Then in the next sentence the MP’s said that they wanted these people to go out and work.

These people are obviously not able to live fully independently, then how could they possibly work, and when they are being abused in the ‘care’ homes, what is there to stop them from being abused at work, disabled people are scared…

View original post 1,158 more words

Please help DPAC and Mr Samuel Miller, fight for our justice, by reading and replying to his plea on the following link;http://www.dpac.uk.net/2012/11/death…d-for-justice/

“I want to appeal for anyone who has lost a loved one because of the DWP/Atos work capability assessment system to get in touch with Mr Miller. He needs to know the verdict that was reached at the inquests into their deaths.
His email address is disabilityinliterature@gmail.com

Many Thanx
FM

More than a thousand sickness benefit claimants died last year after being told to get a job, we can reveal. We’ve highlighted worries about the controversial medical tests for people claiming Employment Support Allowance which are being used to slash the country’s welfare bill. The Government has boasted that more than half of new claimants are found “fit to work” – failing to mention that over 300,000 have appealed the decision and almost 40% have won.
We’ve used the Freedom of Information Act to discover that, between January and August last year, 1,100 claimants died after they were put in the “work-related activity group”. This group – which accounted for 21% of all claimants at the last count – get a lower rate of benefit for one year and are expected to go out and find work.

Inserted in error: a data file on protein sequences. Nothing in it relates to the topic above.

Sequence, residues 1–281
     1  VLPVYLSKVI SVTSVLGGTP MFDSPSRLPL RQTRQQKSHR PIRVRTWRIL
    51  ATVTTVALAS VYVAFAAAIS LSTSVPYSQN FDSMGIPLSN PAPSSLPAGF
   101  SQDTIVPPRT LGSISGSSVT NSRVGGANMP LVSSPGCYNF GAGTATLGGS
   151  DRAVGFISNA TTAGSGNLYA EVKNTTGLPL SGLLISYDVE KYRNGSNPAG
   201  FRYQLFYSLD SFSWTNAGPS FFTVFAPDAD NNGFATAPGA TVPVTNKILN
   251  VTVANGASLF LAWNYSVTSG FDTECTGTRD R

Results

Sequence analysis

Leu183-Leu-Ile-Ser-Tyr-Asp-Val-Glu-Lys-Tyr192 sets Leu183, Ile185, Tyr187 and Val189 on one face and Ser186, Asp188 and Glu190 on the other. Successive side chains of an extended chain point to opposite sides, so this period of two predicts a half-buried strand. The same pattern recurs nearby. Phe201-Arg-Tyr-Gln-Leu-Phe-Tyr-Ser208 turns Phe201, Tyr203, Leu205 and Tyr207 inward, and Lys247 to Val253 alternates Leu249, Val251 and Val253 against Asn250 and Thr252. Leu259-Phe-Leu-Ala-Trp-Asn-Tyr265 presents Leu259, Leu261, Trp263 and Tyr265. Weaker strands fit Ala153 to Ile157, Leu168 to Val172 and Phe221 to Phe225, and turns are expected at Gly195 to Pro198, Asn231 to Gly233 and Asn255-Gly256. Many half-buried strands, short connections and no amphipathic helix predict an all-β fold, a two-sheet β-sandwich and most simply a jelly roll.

This compares to 5,300 deaths of people who were put in the “support group” -which accounts for 22% of claimants – for the most unwell, who get the full, no-strings benefit of up to £99.85 a week. We don’t know how many people died after being found “fit to work”, the third group, as that information was “not available”.
We have also found that 1,600 people died before their assessment had been completed.
But there are plenty of tragic cases – such as that of David Groves who died from a heart attack the night before taking his work capability assessment. The 56year-old from Staveley, Derbyshire, worked for 40 years as a miner and telecoms engineer but stopped on doctors’ orders after an earlier heart attack and a string of strokes. His widow Sandra said: “When Dave was called in for a medical, he felt like he was back to square one. “He wasin a terrible state by the day he died. It was the stress that killed him, I’m sure.” Stephen Hill, 53, of Duckmanton, Derbyshire, died of a heart attack in December, one month being told he was “fit to work”, even though he was waiting for major heart surgery.
Citizens Advice told us it has found “a number of cases” of people dying soon after being found fit for work. “There seems to be a clear link between the cause of death and the condition they were suffering from that led to the claim,” said Katie Lane, head of welfare policy.